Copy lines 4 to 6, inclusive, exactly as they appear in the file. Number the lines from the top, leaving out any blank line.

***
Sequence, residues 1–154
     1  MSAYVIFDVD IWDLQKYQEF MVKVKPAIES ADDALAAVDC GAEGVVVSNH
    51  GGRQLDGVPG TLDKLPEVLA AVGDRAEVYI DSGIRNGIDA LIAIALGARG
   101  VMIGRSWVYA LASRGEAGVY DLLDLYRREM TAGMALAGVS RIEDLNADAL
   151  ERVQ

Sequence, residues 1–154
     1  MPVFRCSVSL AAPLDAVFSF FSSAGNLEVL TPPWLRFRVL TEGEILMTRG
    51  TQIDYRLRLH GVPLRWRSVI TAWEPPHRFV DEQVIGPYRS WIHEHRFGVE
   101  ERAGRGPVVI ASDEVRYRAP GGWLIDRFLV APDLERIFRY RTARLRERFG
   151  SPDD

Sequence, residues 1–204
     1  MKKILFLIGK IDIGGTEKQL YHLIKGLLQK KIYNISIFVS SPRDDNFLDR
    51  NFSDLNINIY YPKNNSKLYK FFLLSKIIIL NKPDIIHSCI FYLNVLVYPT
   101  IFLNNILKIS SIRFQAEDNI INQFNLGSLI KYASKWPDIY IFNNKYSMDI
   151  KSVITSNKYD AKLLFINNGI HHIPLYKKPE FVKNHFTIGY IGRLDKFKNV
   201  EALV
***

   101  VMIGRSWVYA LASRGEAGVY DLLDLYRREM TAGMALAGVS RIEDLNADAL
   151  ERVQ

Sequence, residues 1–154